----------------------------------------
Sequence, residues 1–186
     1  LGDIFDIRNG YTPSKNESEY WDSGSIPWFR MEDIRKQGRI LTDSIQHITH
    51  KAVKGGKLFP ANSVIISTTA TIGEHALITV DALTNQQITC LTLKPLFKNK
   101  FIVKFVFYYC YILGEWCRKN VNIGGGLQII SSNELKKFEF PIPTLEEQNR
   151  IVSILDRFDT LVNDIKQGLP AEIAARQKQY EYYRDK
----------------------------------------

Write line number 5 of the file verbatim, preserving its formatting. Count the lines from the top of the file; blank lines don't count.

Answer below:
   151  IVSILDRFDT LVNDIKQGLP AEIAARQKQY EYYRDK